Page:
I don't' think it's negative at all. We see the role of Katachi as a platform for looking at the possibilities and exploring. We do very different work when the design brief is different. If something needs to be extremely usable then we don't go to that level of experimentation. I guess the negative thing is that it's unexplored territory so we don't know where we are going with it, that can be stressful under deadline.
_What challenges do you meet?
It's a little like standing in front of a canvas with paint, but having never seen a painting before. Photographs are one way of approaching it, but that’s not very interesting. You need to use the medium for what its potential has to offer. The problem is that we haven’t even scratched the surface of the potential yet. In this case, the medium is the message and these critical theories are always going through our heads as a way of trying to understand what we are doing and where to go.
_Who is the typical Katachi reader?
I think the typical reader is very much like us. 20 to 40, highly media savvy, economically well off, well travelled. I would say about 50% of our readers are in the design business or related creative industries like advertising, fashion etc. Then there’s maybe a 20% group of magazine people, journalists etc. So it's largely media related people.
_Can you see differences in the readers, demographically? Are Japanese readers i.e. overrepresented because of their familiarity to technology?
That’s a myth about Japanese people. Most Japanese people are very non-technical. Japanese readers only represent about 8% of our readership. We have large readerships in China, the Middle East, France, Brazil and Russia. Just as a sidebar, the Japanese use their iPads very differently than we do in the West. In most circumstances they do not take them out in the public. It's primarily a home device or a private device. We almost never see iPads in public, but you can't buy the iPad 3 anywhere in Tokyo these days, they’re all sold out...
_Why the East-West approach? How did that come about?
Very simple; I spent my first four years out of high school living in Japan. I speak Japanese, and I absolutely love the country. On top of that their publishing industry is the most mature in the world, their magazine industry is just amazing with 100,000+ titles. The Japanese like to consume media. Also I'm a professor at Beijing University. China is super exciting and full of life and energy.
_How does the content form the technology and vice versa?
Content is king, period. Technology offers us as designers inspiration simply because the medium is so young. We look at the content, design ways to communicate that content, and have the technology make it happen. Once we have the thing working it usually inspires us in new directions and ways to communicate. But never, NEVER does technology sit in the drivers seat.
_You have made this software, specifically designed for the iPad. Have you got plans of putting it in different types of media? Like educational books etc?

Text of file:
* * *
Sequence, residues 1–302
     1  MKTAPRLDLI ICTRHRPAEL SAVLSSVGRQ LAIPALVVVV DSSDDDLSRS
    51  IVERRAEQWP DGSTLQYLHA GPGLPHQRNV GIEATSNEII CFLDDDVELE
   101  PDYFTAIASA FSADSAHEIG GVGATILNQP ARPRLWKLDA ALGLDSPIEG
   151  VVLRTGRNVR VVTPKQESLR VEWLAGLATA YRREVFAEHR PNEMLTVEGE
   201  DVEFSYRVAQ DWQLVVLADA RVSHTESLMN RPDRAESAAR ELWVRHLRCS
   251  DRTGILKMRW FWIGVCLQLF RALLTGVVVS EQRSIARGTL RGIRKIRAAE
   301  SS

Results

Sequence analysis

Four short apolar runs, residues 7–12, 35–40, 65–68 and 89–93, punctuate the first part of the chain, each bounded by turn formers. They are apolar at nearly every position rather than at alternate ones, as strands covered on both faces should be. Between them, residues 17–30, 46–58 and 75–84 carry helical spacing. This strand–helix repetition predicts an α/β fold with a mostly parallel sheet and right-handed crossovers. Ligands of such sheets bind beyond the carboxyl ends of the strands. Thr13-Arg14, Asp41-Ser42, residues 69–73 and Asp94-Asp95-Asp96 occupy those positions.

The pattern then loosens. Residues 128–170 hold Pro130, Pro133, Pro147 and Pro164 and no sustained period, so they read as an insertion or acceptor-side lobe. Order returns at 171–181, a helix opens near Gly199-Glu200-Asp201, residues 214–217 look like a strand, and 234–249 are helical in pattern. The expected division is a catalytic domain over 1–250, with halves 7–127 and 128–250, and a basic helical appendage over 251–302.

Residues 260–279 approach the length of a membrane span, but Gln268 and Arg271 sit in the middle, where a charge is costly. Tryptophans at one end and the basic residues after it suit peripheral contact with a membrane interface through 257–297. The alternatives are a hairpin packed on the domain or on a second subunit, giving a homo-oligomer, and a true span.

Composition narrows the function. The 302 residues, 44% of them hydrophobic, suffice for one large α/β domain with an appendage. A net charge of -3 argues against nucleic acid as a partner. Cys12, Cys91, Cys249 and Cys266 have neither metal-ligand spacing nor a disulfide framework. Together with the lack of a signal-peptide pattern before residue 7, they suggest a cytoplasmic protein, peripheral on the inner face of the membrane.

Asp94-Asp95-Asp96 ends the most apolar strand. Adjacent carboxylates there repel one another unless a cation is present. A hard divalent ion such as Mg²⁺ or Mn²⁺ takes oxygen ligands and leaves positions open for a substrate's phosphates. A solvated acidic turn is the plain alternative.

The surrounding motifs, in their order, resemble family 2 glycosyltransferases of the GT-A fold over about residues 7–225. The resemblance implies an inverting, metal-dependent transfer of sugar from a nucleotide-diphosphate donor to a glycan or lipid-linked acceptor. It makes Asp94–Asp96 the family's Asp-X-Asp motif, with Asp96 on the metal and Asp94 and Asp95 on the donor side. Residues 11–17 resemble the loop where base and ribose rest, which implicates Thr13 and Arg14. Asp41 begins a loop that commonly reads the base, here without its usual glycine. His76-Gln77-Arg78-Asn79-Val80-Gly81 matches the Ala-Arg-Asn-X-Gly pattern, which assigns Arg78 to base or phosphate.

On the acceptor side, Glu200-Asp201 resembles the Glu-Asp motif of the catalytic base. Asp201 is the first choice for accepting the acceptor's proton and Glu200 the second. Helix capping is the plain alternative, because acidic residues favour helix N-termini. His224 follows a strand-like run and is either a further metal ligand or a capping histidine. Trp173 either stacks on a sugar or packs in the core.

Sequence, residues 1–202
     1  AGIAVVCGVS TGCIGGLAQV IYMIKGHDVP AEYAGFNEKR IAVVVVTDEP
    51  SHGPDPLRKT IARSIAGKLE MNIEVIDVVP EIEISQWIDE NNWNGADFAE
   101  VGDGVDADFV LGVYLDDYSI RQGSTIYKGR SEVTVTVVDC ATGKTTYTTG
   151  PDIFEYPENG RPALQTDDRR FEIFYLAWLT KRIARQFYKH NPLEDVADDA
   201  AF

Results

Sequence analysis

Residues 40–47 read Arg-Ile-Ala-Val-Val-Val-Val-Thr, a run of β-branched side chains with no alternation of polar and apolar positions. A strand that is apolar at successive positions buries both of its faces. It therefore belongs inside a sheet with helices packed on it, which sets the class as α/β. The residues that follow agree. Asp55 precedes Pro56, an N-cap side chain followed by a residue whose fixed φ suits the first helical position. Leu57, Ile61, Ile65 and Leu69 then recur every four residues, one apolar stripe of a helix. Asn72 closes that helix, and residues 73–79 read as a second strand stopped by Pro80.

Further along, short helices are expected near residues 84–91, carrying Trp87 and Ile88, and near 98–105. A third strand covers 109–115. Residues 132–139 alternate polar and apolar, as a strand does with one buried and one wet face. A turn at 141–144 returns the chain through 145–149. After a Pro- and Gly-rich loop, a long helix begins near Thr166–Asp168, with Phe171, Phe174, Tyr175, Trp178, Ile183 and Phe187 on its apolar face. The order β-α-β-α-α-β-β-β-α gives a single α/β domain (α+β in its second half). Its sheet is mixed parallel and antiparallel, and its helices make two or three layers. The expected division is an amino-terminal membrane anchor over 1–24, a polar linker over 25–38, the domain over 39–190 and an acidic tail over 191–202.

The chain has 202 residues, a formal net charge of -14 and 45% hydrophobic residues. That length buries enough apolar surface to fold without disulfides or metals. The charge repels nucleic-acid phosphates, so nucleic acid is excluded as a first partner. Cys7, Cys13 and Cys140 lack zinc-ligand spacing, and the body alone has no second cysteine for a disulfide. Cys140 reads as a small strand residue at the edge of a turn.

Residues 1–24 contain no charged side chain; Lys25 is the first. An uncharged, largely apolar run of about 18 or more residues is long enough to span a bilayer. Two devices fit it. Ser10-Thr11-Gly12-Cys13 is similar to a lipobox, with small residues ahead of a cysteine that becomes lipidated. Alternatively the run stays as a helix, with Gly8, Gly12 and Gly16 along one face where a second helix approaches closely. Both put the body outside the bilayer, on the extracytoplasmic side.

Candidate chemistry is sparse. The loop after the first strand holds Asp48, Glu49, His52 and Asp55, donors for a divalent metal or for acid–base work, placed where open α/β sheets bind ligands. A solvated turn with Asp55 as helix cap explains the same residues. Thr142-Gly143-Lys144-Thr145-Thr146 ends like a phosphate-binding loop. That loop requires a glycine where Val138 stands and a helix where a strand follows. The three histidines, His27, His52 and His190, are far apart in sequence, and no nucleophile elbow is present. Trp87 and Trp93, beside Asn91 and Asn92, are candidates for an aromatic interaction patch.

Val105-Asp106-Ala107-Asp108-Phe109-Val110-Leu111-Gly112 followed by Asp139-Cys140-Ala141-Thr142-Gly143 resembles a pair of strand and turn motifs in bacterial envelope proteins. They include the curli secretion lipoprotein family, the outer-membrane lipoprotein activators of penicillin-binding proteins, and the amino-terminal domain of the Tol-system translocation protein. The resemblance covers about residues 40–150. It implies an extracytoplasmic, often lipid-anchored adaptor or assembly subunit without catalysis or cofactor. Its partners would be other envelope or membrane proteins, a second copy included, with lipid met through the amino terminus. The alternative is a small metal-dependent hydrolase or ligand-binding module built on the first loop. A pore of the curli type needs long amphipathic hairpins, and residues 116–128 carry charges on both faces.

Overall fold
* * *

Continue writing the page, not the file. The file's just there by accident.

We have made a tool that can create iPad-based publications, books and other story telling media. We are currently working with children's books, reports, educational books, experimentations and art books as well as magazines, of course. We want to push the medium forward and see the possibilities. This means that we question all of these ideas and try to mash them together to see what comes out the other end.
_Can you monitor how long people spend on each page? In that case it gives you quite an advantage. A lot of print magazines would do a lot to get such information.
Yeah, we have content-based analytics so we can see what our readers are doing and how they use the magazine. The results have been very satisfying. The reader typically reads 11 pages per session, and reads one page on an average of nine minutes. In general readers use our magazine a good amount and regularly. We are extremely happy with how they use Issue 1 and 2.
_You are sort of locked to the iPad system, although it gives certain benefits; how do you feel creating something specifically towards a big brand like Apple, and the iPad?
Our goal has always been to create the best experiences, not the most common. We chose the iPad because it allowed for us to be able to achieve that. We are always looking for other platforms to expand into, but we have not found any yet. Right now the iPad dominates the market. We looked at Android on several occasions but it's just not unified enough, it's a bit like design for all the web browsers, multiple OS version, screen sizes, touch technologies etc. We leave this to Adobe, they provide the tools to publish on all platforms, but the experience is sub standard because of all the limitations from working with so many variables. Also the customers are very different. iPad users spend more, use them more and download more apps. Eventually there will be a competitor to the iPad (not in the near future) and when they emerge, we will be there.
_How have you managed to finance such an intricate project like Katachi?
Gone into spend my savings, gone into debt, worked really hard. If you believe in something, it's important that you stick your neck out and really go for it. We probably could have got investors in the beginning. I think you should finance things yourself in the beginning, because it makes you try harder. Now it's a bit easier, we have positive cash flow and are moving in the right direction, and are now looking for investors.
_How many people are working with Katachi on a daily basis?
Fourteen people in Oslo, St. Petersburg and Berlin, and then another ten or so, freelance.
_What's a typical day at the Katachi office like?
We don't have a typical day at the office yet. Everything is still very new and changing regularly. I guess the most typical thing is that we try to meet problems we run into on a daily basis by solving them very quickly.
_Who are the people behind Katachi?
This is the core team: myself Ken Olling, I run Katachi and manage all of the aspects of it. Max Berg is responsible for Katachi Magazine and oversees other magazines. Max runs Katachi when I'm not there. Erlend Halvorsen is our CTO and works with me on the development of Origami Engine. Karianne Hjallen runs the book publishing part of the business and helps me with the licensing of our tools. This said; we all wear many hats on a daily basis.
Interview with Ken Olling and Max Berg, Katachi Magazine
by Untitled.Oslo, untitled.no
Photo: Espen Schive and Katachi Magazine